Toyota said it shares the UK’s ambition to head toward zero emissions, though declined to comment on the government’s mandates because it hasn’t seen a draft of the rules being prepared by the Department for Transport.
“We continue to see a role for many different technologies in the transition to zero emission based on the principle of mobility for all — including the current hybrid vehicles built in the UK,” Toyota said in the statement.
The government will require that zero-emission vehicles will make up a rising proportion of new car and van sales each year starting in 2024, the London-based Times reported. Manufacturers that don’t hit targets will have to pay penalties or buy credits from competitors who surpass the thresholds. Details of the mandate are still being developed.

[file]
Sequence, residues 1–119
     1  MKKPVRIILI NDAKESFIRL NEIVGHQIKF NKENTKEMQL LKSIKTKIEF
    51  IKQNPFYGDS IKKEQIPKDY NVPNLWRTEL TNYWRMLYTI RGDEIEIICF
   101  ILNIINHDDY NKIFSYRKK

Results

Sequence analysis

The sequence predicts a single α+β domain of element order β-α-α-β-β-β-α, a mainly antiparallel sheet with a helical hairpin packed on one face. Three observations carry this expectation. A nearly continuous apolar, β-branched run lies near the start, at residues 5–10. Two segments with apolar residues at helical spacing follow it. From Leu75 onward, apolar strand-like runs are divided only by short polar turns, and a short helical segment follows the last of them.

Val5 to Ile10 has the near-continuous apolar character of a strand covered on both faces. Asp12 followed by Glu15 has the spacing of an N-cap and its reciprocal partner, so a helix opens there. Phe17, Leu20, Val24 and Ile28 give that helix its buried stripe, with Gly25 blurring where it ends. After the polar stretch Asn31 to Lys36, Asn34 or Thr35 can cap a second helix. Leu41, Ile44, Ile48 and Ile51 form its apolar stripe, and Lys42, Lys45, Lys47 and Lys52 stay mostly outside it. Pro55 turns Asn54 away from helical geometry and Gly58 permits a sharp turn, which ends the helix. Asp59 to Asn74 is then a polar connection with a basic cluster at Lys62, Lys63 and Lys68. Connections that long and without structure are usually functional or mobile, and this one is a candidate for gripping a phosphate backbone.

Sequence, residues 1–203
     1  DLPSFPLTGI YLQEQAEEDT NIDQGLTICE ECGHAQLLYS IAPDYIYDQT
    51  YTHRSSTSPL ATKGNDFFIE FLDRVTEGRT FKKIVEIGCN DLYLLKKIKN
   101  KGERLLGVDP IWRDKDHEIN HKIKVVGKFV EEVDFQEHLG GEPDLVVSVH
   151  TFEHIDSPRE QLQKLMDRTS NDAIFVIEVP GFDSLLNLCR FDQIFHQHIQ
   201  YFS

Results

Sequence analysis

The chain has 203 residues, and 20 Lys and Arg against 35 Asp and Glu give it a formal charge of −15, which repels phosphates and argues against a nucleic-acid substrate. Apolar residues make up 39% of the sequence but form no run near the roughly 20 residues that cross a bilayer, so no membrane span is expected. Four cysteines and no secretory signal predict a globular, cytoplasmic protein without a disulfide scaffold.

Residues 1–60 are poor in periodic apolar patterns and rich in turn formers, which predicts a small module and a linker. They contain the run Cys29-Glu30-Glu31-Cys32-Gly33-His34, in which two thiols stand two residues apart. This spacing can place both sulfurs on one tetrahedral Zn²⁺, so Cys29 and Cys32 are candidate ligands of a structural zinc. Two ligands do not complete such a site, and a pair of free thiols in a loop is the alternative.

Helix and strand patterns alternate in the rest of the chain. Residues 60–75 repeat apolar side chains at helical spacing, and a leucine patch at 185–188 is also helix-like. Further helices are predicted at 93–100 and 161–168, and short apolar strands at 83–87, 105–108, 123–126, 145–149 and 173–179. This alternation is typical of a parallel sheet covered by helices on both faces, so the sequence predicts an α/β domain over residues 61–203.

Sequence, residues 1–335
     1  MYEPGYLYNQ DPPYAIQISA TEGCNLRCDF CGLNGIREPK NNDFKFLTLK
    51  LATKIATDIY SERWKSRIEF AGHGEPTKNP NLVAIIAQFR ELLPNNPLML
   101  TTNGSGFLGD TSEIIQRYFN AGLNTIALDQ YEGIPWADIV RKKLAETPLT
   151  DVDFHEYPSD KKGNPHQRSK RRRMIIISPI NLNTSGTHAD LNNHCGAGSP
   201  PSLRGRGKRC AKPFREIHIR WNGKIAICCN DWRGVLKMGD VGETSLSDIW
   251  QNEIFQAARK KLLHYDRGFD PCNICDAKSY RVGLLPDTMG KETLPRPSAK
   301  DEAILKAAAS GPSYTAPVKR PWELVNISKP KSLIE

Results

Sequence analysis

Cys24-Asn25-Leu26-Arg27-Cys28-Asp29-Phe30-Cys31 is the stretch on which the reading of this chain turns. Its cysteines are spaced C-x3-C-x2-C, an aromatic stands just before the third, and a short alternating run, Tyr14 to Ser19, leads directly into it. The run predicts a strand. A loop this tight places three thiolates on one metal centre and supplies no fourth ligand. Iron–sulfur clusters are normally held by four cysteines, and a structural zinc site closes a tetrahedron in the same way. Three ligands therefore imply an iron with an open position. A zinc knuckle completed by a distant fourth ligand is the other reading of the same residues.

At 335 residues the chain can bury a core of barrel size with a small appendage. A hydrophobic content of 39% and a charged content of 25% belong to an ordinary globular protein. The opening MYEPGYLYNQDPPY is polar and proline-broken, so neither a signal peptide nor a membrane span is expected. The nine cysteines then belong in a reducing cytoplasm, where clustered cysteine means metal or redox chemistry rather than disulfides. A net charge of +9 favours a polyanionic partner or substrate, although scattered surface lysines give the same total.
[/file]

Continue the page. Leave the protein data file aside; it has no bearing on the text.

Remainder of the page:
Toyota said in December that it would be ready to sell only zero-emission cars in Europe by 2035 and set an intermediate goal for them to make up at least half of its sales by the end of the decade.
The company announced a more than 240 million-pound ($315 million) investment in its plant in Burnaston, central England, in 2017 to support production of Corolla compact cars. It also has an engine plant in Deeside, north Wales.
The UK plans to ban sales of new cars that run entirely on gasoline and diesel after 2030 and is permitting hybrid sales until 2035.